Everyday Library Ethics

The roots of library ethical standards come from the same sources as do the foundations of local government: The Bill of Rights, the Rule of Law, the Magna Carta, and English common law. The right to privacy, transparent governance, access to information, and equal treatment are what all employees, volunteers, visitors, and users of academic libraries should expect. Many ethical issues have nothing to do with plagiarism, cheating on tests, and copyright violations, three favorite academic library concerns, or material challenges in public libraries. Topics include ethics at the library’s front line and back room, civility and the ethics of supervision and management, how ethics impact other professions, when ethical systems and cultures collide, and due process in making decisions.


Introduction: Ethics and Libraries: A Short History

  • What are ethics
  • Is being fair the same as being nice?
  • The Key Idea: Ethics Applies To Everyone In All Situations
  • What Do Your State Library Laws Say and how do they apply to academic libraries

The Four Main Principles

  • Privacy Regarding What You Read: Protecting Students and Faculty
  • Transparency: Decision-Making Guided By Open Meeting Law
  • Access To Information: Open Stacks And Circulating Collections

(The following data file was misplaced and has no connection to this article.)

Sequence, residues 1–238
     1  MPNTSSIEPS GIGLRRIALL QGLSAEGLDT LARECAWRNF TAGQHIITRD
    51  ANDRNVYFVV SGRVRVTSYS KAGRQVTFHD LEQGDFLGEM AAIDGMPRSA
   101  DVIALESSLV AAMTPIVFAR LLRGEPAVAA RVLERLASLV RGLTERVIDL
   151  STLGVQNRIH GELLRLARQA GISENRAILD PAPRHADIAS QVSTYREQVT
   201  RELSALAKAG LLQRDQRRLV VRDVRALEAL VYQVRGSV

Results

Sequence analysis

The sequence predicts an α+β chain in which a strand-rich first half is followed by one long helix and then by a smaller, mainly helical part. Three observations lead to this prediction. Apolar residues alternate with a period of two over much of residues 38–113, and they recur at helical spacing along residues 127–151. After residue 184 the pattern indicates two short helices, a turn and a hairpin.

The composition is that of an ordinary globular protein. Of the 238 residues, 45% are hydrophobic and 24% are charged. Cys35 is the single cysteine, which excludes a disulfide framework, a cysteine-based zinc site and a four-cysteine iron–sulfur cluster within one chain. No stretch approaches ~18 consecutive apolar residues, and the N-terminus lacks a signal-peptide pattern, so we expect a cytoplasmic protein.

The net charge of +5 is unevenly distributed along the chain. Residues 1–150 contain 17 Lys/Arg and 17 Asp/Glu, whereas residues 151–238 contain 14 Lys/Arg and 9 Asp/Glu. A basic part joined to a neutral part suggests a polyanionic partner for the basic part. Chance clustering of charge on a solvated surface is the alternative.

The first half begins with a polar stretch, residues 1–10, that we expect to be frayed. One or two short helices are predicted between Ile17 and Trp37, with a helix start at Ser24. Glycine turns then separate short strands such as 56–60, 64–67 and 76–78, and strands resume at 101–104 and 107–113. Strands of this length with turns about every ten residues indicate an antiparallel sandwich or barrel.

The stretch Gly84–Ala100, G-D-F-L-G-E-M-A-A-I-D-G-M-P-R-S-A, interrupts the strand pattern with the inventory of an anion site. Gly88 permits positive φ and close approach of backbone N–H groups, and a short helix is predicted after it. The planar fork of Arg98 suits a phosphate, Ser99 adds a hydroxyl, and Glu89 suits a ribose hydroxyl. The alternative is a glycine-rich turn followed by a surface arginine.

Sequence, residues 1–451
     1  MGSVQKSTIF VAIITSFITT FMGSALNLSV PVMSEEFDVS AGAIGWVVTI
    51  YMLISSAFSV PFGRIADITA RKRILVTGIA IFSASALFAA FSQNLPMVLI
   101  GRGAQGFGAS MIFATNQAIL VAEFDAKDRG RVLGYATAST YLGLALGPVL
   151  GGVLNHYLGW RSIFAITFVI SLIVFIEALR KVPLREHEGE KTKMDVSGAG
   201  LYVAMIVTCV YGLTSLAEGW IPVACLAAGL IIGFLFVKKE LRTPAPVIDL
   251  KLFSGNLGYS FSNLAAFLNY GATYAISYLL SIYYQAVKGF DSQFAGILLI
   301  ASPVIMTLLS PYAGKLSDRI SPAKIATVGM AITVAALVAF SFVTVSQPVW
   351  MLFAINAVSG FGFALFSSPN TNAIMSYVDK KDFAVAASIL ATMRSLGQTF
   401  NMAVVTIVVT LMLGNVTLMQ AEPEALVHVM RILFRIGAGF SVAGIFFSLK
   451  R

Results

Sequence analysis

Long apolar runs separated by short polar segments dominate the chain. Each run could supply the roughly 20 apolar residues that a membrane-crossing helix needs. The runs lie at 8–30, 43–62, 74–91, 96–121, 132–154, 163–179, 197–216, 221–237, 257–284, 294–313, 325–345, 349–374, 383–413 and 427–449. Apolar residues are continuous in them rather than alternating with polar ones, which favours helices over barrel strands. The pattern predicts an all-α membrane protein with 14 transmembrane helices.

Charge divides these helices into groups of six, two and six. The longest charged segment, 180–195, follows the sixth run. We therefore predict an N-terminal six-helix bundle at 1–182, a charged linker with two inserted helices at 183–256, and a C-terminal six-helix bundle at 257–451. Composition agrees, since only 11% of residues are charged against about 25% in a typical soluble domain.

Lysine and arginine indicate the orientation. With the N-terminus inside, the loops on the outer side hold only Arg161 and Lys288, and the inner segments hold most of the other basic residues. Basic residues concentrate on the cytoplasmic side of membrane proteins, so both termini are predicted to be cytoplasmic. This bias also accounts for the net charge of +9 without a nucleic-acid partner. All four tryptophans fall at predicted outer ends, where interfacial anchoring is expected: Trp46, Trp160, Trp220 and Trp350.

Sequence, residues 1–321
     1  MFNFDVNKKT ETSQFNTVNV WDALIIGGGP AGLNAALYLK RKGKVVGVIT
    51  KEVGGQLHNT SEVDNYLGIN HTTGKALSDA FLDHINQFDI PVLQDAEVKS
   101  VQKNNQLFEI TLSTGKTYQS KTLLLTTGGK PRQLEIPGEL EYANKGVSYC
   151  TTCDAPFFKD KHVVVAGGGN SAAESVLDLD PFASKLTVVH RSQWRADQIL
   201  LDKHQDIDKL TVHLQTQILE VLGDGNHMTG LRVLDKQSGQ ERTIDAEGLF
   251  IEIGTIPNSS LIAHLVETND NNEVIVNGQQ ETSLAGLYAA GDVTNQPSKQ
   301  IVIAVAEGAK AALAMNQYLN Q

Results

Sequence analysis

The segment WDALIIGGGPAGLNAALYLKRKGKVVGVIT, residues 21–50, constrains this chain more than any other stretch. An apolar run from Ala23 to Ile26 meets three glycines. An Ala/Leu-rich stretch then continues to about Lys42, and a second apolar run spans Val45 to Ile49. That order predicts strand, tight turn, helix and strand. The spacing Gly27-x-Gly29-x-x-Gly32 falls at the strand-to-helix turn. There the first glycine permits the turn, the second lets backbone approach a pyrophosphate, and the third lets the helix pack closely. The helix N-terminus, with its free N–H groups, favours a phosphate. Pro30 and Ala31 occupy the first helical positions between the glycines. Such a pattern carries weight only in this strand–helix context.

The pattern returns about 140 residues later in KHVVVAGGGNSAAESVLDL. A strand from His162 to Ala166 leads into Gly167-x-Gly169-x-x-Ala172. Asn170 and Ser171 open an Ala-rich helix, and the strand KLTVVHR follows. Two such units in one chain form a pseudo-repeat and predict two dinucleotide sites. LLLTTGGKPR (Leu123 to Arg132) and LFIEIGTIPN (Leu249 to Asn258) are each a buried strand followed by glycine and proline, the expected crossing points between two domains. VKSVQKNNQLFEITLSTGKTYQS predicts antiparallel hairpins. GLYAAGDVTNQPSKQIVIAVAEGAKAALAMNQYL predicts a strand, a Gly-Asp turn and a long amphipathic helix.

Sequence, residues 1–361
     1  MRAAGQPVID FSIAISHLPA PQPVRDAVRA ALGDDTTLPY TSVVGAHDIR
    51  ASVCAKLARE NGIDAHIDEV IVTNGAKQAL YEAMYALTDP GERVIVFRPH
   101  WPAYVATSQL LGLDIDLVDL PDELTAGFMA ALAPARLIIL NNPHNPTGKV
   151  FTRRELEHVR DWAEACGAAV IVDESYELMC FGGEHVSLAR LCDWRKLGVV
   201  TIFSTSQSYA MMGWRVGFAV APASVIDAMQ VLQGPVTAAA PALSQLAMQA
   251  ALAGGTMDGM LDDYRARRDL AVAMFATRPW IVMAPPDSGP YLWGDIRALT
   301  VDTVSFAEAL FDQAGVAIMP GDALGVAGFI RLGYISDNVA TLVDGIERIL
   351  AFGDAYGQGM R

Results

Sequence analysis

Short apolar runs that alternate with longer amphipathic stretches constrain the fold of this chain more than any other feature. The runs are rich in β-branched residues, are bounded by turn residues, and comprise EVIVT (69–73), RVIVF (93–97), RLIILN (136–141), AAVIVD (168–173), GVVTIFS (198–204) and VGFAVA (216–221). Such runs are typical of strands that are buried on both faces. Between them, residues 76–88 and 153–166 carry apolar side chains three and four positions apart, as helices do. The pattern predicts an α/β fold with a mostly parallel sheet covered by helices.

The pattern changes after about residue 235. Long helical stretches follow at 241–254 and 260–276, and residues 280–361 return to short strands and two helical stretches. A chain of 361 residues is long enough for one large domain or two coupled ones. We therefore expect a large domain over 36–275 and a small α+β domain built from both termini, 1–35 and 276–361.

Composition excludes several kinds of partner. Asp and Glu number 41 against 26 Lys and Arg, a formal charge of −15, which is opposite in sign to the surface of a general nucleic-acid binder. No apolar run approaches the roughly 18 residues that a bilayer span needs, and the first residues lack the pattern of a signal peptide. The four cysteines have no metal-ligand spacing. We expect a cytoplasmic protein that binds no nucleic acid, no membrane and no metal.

• Equal And Fair Treatment: Do The Elite Get The Best Books First?

Practical Considerations

  • Leaders and managers: Walk the talk.
  • Ethical policies
  • When ethical systems collide
  • What it takes to do make ethical decisions and actions?


  • Recognize and fix ethical violations in your library.
  • Develop an ethics program for all employees and volunteers.
  • Institute a transparent process for addressing ethical concerns.

Pat Wagner is a library trainer and consultant, who has been working for academic, public, and special libraries since 1978. For several years, she was a presenter with the Sunshine State Library Leadership Institute and is a frequent visitor to Florida libraries. Pat has presented on topics related to ethics, governance, and leadership at ALA, SLA, PLA, and other state and national library conferences. She is known for her practical and good-humored presentations.

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